Circadian clocks in a blind fish
Do animals that have evolved for millions of years underground, completely isolated from the day-night cycle, still "know" what time it is? Does a normal circadian clock persist during evolution under constant darkness? A new study directly tackles these fundamental questions by investigating a species of cavefish, Phreatichthys andruzzii, which has lived isolated for 2 million years beneath the Somalian desert. Many fish species have evolved in the absence of sunlight in cave systems around the world, sharing a common set of striking adaptations including eye loss. The new study, published September 6 in the online, open access journal PLoS Biology, reports that this cavefish has an unusual circadian clock; it ticks with an extremely long period (up to 47 hours), and is completely blind.
The circadian clock is a highly conserved physiological timing mechanism that allows organisms to anticipate and adapt to the day-night cycle. Since it ticks with a period that is not precisely 24 hours, it is vital that it is reset on a daily basis by signals such as light to ensure that it remains synchronized with the day-night cycle. The molecular mechanisms whereby light regulates the clock remain poorly understood. Fish have emerged as useful models to study how light regulates the clock since in most of their tissues, direct light exposure resets the clock. This differs from the situation in mammals, where light regulates the clock only indirectly through the eyes. However, the identity of the photoreceptors that must be widely expressed in fish tissues has remained a mystery.
"Cavefish give us a unique opportunity to understand how profoundly sunlight has influenced our evolution," explains Cristiano Bertolucci, co-author of the study. The authors' starting point was to compare the circadian clock of the blind, Somalian cavefish with that of a "normal" fish the zebrafish. They studied the locomotor activity and clock gene expression in both species when they were exposed to a light-dark cycle. While they obtained evidence for a robust circadian clock in the zebrafish that was synchronized with the light cycle, no rhythmicity was detected in the cavefish. However, in a comparable study where both fish were exposed to an alternative timing signal, a regular feeding time, both zebrafish and cavefish displayed circadian clock rhythmicity. Thus, they concluded that the cavefish still has a clock that can be regulated by feeding behaviour, but which cannot be reset by light. In a more detailed study, they were able to show that the cavefish retains a clock that ticks with an abnormally long period. Strikingly, they also found that the lack of its resetting by light is not due to eye loss in this fish; instead, mutations in two widely expressed opsin photoreceptors leave the clocks in most tissues unable to respond to light.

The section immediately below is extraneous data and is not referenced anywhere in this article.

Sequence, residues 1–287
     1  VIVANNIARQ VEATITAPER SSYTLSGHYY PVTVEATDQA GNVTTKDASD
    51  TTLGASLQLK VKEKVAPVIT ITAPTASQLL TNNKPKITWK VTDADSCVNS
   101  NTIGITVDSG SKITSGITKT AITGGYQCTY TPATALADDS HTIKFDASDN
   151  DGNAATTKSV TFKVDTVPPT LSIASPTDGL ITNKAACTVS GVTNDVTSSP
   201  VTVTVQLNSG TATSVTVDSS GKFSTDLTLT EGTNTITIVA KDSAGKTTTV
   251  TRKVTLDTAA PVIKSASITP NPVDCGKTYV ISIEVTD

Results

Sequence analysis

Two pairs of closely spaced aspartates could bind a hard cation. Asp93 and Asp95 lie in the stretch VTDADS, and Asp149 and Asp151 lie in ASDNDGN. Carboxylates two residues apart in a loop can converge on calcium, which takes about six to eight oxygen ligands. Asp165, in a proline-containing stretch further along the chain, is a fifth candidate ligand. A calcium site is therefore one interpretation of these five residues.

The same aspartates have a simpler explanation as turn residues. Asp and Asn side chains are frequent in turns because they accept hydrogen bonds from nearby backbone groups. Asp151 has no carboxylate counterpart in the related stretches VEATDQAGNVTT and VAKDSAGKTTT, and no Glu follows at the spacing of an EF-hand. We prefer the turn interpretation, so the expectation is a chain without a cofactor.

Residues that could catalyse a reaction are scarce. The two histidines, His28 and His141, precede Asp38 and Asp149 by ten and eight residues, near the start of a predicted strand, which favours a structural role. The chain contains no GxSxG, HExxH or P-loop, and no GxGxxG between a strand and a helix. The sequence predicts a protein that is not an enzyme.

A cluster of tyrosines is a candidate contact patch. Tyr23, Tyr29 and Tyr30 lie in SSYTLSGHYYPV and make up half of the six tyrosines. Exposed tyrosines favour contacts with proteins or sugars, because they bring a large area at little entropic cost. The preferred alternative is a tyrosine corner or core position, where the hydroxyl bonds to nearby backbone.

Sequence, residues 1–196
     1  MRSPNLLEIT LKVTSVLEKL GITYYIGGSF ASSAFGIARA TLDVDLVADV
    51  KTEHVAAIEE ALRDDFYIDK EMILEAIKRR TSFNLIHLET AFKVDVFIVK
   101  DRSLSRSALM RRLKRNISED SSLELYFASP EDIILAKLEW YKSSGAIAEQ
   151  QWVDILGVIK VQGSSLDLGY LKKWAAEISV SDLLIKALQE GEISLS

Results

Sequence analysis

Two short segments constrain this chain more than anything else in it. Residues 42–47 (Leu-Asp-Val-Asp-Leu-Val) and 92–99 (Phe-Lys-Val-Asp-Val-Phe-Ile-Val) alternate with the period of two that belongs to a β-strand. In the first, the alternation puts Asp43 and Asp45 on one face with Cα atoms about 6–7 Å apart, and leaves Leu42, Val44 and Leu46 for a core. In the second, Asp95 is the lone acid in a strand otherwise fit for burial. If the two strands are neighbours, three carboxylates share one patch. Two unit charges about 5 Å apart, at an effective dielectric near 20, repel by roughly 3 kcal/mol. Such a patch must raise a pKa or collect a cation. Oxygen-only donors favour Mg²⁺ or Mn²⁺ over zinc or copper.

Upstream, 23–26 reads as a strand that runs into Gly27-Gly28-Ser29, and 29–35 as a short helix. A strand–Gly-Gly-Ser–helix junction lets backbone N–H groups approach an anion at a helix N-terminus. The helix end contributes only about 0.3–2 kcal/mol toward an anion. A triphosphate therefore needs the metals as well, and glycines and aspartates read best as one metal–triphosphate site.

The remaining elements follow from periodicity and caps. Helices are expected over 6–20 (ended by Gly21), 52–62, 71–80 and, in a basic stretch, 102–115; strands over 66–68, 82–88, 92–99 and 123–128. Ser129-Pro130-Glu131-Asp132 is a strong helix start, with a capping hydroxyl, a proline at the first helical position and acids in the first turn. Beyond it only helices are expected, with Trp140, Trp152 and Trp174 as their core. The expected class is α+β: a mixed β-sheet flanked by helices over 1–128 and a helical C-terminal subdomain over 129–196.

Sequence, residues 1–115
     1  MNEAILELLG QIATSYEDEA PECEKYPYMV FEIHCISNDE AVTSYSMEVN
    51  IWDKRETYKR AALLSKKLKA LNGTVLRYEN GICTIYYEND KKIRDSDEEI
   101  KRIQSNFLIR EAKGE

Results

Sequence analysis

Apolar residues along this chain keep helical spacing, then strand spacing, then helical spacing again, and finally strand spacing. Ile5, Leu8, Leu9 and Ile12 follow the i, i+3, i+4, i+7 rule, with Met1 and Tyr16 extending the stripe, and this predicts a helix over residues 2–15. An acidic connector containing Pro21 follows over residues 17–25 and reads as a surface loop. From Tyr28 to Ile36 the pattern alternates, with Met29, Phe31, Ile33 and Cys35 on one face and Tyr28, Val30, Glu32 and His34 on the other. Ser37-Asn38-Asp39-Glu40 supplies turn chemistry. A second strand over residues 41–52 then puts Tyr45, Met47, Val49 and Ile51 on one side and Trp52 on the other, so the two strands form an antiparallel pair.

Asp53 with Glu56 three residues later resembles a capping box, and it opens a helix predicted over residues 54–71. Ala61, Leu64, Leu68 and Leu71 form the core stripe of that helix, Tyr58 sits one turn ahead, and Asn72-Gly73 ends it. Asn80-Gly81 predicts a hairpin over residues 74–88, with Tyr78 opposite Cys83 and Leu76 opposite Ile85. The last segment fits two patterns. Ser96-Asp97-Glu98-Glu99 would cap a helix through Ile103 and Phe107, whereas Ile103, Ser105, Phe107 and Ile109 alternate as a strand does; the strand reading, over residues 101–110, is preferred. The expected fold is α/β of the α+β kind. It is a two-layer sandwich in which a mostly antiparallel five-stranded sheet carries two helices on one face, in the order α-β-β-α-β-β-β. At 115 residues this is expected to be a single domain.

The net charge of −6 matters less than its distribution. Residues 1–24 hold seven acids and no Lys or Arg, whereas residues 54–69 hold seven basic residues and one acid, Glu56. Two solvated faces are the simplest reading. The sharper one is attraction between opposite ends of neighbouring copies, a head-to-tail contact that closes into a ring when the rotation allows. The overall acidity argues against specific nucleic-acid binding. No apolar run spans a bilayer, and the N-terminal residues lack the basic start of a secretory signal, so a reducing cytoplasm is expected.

"This work holds great importance for two major fields of interest," explains Nicholas Foulkes, another co-author of the study. "First, it provides a fascinating new insight into how evolution in constant darkness affects animal physiology. While most detailed molecular studies of cavefish have focused on the mechanisms underlying eye loss, very little is known about other, broader adaptations to life without sunlight. Second, this work provides the first genetic evidence for the identity of the widely expressed photoreceptors in fish. This study sets the stage for a more complete understanding of how clocks respond to their environment."